• they are actually very difficult to properly construct; they often don’t allow high-end students to push their thinking and are more about “gotcha” not learning, and there are many examples of poorly-created final exams
  • by removing them, it forces us to have new conversations about learning, about what students know, how we know it, and how to demonstrate it

Just because we “have always done it,” is not a good enough reason to continue.  And when there are external changes that force a second look, it is a great opportunity to see if the reasons bear out.

My general view is there are far richer ways to have students demonstrate their learning than a two-hour, scantron-heavy test. My answer is also slightly nuanced, recognizing that math may lend itself more appropriately to a final exam than English or Social Studies.  If the exam period was to disappear tomorrow, and we were forced to find other ways to account for student learning, we would likely come up with some very powerful and effective models.  I agree with the current BC Teachers Federation advertisement that we should be working towards “more authentic means of assessment.”

I look forward to this discussion.

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We tried to stop them, but they just wouldn’t take “no” for an answer.

As a follow-up to my “real-real” learning post (here), last week I had the chance to spend some time with four Sentinel Secondary students, Adam Mitha, Justin Wong, Jun Jeagal and Sailesh Suri, to hear a story, firsthand, of what this kind of learning looks and feels like.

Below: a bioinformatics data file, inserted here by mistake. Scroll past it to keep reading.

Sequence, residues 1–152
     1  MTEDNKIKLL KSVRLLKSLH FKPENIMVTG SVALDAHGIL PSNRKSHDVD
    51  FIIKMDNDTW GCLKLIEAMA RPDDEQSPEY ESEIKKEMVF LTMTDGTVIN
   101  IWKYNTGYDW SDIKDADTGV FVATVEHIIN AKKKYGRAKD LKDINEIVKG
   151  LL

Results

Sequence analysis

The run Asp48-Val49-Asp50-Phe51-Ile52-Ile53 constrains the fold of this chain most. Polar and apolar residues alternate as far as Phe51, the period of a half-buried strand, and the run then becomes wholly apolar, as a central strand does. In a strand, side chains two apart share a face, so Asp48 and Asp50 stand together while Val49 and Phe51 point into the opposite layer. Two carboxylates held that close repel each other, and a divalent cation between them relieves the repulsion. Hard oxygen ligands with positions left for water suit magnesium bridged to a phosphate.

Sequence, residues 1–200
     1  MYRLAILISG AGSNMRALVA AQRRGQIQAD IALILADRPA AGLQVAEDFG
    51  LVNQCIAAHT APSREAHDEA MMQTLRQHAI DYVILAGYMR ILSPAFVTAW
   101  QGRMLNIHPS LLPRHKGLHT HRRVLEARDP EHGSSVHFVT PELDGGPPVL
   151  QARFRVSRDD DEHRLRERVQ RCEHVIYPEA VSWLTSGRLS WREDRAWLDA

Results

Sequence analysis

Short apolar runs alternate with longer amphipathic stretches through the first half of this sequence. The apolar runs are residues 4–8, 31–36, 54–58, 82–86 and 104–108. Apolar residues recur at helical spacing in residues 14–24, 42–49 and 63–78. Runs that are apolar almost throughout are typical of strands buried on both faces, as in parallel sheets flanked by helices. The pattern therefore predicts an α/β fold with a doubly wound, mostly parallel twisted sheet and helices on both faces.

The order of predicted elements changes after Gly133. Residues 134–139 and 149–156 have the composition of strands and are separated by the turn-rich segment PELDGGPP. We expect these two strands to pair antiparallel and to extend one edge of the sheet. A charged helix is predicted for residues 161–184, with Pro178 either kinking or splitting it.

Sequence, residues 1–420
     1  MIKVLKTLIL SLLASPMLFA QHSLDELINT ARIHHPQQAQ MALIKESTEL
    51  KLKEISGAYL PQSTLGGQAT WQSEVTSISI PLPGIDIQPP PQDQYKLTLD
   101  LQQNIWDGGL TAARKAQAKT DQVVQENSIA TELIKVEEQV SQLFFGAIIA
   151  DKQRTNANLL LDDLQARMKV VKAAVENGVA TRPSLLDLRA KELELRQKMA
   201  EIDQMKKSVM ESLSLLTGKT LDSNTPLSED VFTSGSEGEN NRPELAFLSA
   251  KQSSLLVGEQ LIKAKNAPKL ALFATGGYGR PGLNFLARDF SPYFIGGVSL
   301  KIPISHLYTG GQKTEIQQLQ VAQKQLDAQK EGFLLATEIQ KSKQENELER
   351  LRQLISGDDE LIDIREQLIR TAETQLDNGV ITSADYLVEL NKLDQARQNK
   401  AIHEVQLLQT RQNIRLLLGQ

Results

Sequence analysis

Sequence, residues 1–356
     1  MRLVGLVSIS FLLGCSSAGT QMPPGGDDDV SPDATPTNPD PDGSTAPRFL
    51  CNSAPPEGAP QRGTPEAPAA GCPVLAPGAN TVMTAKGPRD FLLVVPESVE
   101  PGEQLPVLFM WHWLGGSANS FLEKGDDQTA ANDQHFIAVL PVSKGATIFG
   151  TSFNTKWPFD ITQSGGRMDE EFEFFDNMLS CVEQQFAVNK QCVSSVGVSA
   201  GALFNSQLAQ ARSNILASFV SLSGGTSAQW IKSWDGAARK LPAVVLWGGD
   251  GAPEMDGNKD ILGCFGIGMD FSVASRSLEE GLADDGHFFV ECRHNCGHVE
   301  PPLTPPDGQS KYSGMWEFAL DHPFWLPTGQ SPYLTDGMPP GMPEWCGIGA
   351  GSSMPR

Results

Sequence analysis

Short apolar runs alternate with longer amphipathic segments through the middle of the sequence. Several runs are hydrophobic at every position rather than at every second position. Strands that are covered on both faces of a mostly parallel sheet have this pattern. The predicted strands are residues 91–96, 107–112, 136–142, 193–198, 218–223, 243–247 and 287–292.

Supported by their teacher, Joel Gibson, the four young men, former classmates in Joel’s Information Technology class, were inspired to develop an “App” for the school that could easily match any created by experts in the field. They didn’t get paid, they didn’t get school credit, but it was some of the best learning they had ever experienced. In my conversation with them, they expounded about the 300 hours of coding, developing and designing that went into the finished product that has just been loaded to iTunes here (it is a free download).

So, just why did they do it?  They wanted to leave a legacy for the school. They described it as a mostly an out-of-school project, but they loved it because they were doing stuff they wanted to do and were interested in learning about. They emphasized the role of their teacher, Joel Gibson, “saying, I believe in you, is the best thing a teacher can do.”  When Joel saw the group needed to obtain more technical expertise for some parts of the project, he connected the students to experts from within and outside the system. Along the way, he connected them to the school PAC and others who could help.

Of course, as I stated at the beginning of this post, we didn’t make it easy for them. We (the system), limited some of their access to computers, were slow to support them technically, and made it challenging to move forward. They said that it was a good thing they had Mr. Gibson to mentor and guide them, but also, that they were part of the hacker culture. The hacker culture, as they described it, is “doing things over and over again. At school, the culture is that you do it right the first time.” One student remarked, “I had 30 failed projects before this one.”